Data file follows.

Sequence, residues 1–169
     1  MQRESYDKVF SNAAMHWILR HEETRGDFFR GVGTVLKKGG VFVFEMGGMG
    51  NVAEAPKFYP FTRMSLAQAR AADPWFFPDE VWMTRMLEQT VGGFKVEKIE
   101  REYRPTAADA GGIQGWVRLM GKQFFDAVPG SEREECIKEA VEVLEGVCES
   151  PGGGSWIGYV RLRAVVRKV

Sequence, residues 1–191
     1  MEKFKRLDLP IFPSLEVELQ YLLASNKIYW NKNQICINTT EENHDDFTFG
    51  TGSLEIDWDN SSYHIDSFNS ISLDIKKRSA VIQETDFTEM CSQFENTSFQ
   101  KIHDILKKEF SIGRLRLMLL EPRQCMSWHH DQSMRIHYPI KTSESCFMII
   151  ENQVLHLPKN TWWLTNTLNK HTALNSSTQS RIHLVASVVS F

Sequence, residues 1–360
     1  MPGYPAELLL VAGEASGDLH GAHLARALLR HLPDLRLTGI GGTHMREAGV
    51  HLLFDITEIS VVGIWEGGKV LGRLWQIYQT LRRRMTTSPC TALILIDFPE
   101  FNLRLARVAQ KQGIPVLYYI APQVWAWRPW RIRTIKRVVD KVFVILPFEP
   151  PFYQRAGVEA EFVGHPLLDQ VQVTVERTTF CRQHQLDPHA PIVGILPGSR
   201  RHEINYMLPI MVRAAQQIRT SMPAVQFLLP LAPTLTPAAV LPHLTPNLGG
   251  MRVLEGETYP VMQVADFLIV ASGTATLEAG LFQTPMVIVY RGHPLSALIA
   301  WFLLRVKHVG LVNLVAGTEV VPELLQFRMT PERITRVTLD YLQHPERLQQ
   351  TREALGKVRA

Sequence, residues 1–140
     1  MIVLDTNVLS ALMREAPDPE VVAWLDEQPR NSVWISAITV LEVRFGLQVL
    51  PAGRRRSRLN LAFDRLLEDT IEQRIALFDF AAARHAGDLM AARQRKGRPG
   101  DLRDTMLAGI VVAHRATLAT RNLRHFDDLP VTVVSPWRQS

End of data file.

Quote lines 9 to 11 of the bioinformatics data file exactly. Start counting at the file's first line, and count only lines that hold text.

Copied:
   101  KIHDILKKEF SIGRLRLMLL EPRQCMSWHH DQSMRIHYPI KTSESCFMII
   151  ENQVLHLPKN TWWLTNTLNK HTALNSSTQS RIHLVASVVS F

Sequence, residues 1–360